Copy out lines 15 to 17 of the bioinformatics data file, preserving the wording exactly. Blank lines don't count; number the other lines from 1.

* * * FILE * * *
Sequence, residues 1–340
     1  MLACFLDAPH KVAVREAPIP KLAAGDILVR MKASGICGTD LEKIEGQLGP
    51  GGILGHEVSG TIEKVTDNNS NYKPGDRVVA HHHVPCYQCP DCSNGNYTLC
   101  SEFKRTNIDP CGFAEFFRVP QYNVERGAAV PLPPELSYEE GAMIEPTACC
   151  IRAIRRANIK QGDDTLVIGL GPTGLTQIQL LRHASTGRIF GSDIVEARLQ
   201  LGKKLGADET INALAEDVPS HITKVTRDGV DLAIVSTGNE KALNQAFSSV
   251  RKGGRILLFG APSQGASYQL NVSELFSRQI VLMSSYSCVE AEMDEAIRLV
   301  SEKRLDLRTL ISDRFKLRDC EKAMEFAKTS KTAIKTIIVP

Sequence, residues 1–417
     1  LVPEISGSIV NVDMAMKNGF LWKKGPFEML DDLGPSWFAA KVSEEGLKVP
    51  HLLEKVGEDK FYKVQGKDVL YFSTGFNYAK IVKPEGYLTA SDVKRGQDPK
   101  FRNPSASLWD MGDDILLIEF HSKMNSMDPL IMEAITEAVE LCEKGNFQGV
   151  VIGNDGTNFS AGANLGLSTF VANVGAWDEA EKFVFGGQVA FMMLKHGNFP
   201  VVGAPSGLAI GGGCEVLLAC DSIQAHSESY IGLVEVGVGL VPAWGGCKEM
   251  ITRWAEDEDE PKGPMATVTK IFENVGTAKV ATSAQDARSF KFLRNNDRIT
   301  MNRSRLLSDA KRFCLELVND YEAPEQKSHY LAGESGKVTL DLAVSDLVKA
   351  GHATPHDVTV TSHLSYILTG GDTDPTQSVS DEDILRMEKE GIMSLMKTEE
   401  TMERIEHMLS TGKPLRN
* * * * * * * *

   251  ITRWAEDEDE PKGPMATVTK IFENVGTAKV ATSAQDARSF KFLRNNDRIT
   301  MNRSRLLSDA KRFCLELVND YEAPEQKSHY LAGESGKVTL DLAVSDLVKA
   351  GHATPHDVTV TSHLSYILTG GDTDPTQSVS DEDILRMEKE GIMSLMKTEE